Welcome to 2019! If the birds around our house are any indication, this year will be met with lots of excitement! I suppose one could see that heralded in the past couple weeks by the way the U.S. stock market is behaving.
Which leads me to consider all the fluctuations and conflicts that are occurring – at least, in our country. Following the Nov. elections, the Democrats took a majority in the House of Representatives. The Republicans retained majority in the Senate. New laws enacted require passage by both these parts of our legislative body and already the power struggle is on. Which reminds me of the legislative gridlock that fell into place when President Obama came in and the Republicans did all they could to grind law-making to a halt. Hmmm…. Karma, possibly?
But it’s not just that. The Masculine and Feminine “balance” (which I put in quotes as I don’t believe it’s in the best balance currently) is also being challenged. The Masculine has been throwing its power around without thought for potential fall-out. The MeToo movement is saying “enough!” and women are speaking out about how this treatment has been affecting them. And it’s not just women.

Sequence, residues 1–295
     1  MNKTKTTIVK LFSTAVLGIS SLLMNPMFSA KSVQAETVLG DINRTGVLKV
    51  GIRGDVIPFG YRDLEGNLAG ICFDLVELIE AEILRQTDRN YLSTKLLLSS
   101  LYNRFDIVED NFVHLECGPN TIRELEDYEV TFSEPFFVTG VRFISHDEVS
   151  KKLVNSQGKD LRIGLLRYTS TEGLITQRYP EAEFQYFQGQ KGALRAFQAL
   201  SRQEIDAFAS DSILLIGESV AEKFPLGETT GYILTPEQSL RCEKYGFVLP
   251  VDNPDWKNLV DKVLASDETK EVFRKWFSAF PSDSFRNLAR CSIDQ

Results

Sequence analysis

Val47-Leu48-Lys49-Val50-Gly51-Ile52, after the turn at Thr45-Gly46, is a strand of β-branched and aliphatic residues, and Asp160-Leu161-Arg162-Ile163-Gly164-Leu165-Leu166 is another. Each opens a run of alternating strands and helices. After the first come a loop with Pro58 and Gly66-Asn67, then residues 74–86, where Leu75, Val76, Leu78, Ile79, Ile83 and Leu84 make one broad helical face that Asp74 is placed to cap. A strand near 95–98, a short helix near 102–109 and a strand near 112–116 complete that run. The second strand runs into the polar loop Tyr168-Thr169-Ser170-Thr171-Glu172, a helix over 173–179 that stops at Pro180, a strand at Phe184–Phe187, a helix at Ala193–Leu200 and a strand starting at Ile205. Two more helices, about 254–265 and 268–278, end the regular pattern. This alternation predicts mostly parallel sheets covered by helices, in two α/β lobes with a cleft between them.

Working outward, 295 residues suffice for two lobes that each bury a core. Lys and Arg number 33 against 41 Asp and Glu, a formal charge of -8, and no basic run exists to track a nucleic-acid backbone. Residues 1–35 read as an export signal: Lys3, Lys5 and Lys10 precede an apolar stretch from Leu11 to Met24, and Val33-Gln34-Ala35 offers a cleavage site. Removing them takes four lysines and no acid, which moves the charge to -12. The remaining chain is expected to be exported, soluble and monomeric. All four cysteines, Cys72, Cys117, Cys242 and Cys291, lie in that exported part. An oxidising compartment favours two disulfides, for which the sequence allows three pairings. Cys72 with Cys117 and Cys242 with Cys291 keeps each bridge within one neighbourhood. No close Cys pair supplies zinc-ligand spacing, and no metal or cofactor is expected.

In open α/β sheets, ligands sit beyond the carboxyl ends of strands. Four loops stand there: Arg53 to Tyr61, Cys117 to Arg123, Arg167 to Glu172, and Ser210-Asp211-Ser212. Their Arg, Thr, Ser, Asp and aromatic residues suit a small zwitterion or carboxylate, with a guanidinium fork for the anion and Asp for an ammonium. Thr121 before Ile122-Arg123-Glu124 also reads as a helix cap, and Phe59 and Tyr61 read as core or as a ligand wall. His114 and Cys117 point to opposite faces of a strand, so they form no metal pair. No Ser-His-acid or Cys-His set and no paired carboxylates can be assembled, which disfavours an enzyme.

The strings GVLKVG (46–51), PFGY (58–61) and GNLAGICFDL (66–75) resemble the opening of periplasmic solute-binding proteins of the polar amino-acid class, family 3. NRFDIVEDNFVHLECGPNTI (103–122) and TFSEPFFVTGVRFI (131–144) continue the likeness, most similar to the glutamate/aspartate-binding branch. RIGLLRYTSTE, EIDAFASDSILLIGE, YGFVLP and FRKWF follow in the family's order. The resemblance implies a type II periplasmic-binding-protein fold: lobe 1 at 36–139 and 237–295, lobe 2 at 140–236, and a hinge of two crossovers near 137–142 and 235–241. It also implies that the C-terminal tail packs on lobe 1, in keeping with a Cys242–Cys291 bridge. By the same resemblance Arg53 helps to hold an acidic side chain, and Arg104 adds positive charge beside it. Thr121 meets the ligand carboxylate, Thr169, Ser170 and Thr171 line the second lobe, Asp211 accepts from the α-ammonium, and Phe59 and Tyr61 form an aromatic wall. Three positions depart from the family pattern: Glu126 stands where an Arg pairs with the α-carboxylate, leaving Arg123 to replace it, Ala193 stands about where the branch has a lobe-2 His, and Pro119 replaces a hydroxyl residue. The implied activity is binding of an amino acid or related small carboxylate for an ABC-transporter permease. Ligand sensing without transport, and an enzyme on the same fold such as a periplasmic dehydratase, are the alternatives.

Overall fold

The Masculine rattles its sabers demanding respect and control, sending young men off to war to show our strength (and hopefully get whatever it is the powers-that-be want from the other country.) Do they consider the damage caused to this new generation of the Masculine? Doesn’t seem so. Apparently, it’s worth the physical, emotional and spiritual damage.
And thought seldom seems to be accorded to the families of those soldiers when they return home. If Dad (or Mom these days) harbors anger about physical injuries that impact their quality of life, where is that released? If traumatic brain injuries have changed their mental functioning, how are thoughts and feelings now expressed? What about the impact on the family of their loved one’s flashbacks; the hypervigilance of PTSD; beliefs held by the soldier about the people they were fighting, and so many other aspects of having to fight to the death against another person? And if anger or depression impact the children, what’s the impact on the grandchildren? The higher rate of suicide among veterans is well established – and somehow, it’s still worth it.
My husband and I have been watching episodes of the PBS series, “We’ll Meet Again.” It tells the stories of a variety of people, all impacted positively by someone who they then lost contact with. As they get into their later years, a strong urge develops to find that person, reconnect and thank them for the experience they shared so long ago.
.... To be continued in next post :-)
Susan C. Moyer, MSW
Is a sound healer and transformational coach. She has 25+ years experience in using alternate states of consciousness to access deeper healing on all levels: physical, psychological, mental and spiritual.